Connecticut Stem Cell Research Committee Gets 77 Tax-Funding Requests

Bioethics   |   Steven Ertelt   |   Jun 7, 2006   |   9:00AM   |   WASHINGTON, DC

Connecticut Stem Cell Research Committee Gets 77 Tax-Funding Requests Email this article
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by Steven Ertelt Editor
June 7, 2006

Hartford, CT ( — The advisory committee charged with making recommendations for spending $20 million in taxpayer funds on stem cell research in the state has received 77 requests various requests for funding. Connecticut is one of three states, along with Illinois and California, to authorize using taxpayer funds for stem cell research — though others are hoping to join the list.

The committee has received dozens of letters from scientists and institutions wanting to conduct stem cell research.

M. William Lensch, a researcher at Children’s Hospital in Boston and member of the advisory committee, told the Hartford Courant newspaper he was pleased to see the large number of requests.

"This is the first clear indication we have had that we are on the right track," he said. "I’m incredibly pleased to see what has come in."

The committee will take more formal proposals next month and then submit them to a panel of five scientists who will make the suggestions to the committee about where the funds should go. The committee is expected to dole out the funds in October.

Two of the leading requests for funds come from Yale University and the University of Connecticut. Together, they have applied for $12.5 million to build three research facilities where their scientists will study human embryonic stem cells.

The new facilities are needed, the colleges say, because they can’t use federal funds for embryonic stem cell research.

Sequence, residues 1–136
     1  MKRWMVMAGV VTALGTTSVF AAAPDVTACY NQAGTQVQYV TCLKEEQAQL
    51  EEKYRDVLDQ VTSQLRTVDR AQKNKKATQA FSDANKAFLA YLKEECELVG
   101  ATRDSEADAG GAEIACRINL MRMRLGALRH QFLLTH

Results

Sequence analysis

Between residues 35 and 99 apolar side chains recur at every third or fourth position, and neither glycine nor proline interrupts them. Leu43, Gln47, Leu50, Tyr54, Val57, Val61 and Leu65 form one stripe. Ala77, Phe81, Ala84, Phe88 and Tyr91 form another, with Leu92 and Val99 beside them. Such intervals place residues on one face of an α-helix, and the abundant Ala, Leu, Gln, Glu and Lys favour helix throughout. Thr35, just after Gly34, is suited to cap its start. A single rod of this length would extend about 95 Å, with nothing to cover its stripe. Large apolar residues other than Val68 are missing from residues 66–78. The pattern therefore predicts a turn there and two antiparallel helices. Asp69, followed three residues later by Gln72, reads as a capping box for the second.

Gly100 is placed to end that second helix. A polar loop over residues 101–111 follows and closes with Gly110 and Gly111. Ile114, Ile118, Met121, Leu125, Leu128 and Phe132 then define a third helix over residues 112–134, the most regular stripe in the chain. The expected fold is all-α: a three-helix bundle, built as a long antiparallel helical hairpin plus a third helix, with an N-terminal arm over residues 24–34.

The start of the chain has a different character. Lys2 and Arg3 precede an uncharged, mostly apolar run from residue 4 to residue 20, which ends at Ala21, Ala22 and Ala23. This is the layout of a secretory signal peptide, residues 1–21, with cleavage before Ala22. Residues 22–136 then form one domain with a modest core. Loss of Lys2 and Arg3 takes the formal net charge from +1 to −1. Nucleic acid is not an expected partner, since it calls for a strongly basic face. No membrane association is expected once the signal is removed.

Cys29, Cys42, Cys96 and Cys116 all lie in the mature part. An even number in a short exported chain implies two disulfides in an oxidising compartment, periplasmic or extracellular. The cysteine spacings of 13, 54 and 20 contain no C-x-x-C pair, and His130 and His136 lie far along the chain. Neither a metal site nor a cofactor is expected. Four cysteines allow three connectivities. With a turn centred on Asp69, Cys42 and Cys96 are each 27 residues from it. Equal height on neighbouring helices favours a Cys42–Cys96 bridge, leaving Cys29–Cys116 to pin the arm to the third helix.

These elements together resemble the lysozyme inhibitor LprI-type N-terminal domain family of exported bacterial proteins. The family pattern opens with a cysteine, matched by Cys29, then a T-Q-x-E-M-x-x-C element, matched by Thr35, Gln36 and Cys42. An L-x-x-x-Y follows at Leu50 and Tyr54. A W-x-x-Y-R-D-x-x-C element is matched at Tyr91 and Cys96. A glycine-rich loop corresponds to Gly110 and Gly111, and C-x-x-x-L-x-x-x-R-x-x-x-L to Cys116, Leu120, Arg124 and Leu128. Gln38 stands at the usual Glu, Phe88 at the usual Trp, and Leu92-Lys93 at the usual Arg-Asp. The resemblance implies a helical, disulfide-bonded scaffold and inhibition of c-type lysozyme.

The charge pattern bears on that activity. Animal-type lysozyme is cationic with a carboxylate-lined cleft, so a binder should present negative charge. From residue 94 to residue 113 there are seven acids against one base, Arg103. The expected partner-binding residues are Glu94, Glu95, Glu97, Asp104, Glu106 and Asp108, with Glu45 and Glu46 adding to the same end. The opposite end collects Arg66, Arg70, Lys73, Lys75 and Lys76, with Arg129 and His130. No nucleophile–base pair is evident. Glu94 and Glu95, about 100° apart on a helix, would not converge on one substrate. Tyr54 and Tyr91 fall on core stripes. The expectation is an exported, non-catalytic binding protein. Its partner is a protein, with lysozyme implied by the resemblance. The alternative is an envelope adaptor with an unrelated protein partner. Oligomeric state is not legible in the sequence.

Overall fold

Supported by pro-life groups, President Bush, in August 2001, put forward an executive order prohibiting the use of tax funds to pay for new embryonic stem cell research because it involves the destruction of human life. Instead, Bush has spent hundreds of millions of dollars annually on adult stem cells, which have already provided dozens of cures and treatments.

But the committee may not fully fund the three research centers because to do so would leave less than $8 million for other projects.

The committee will eventually distribute $100 million in funding over the next 10 years.

Connecticut Gov. Jodi Rell, a Republican, signed the measure allowing the funding in June 2005. It bans human reproductive cloning and the sale of human eggs, sperm and embryos, but allows human cloning for research purposes.

The law prohibits human embryos used in research from growing past 14 days, which detractors say mandates that all days-old unborn children must be killed for their stem cells.

In February, the panel determined the first $20 million it will dole out should go to scientists who are conducting embryonic stem cell research, which upset pro-life advocates.

Some lawmakers were concerned about spending the money because the deficit for fiscal year 2006-07 is projected to be anywhere from $600 million to $1.3 billion.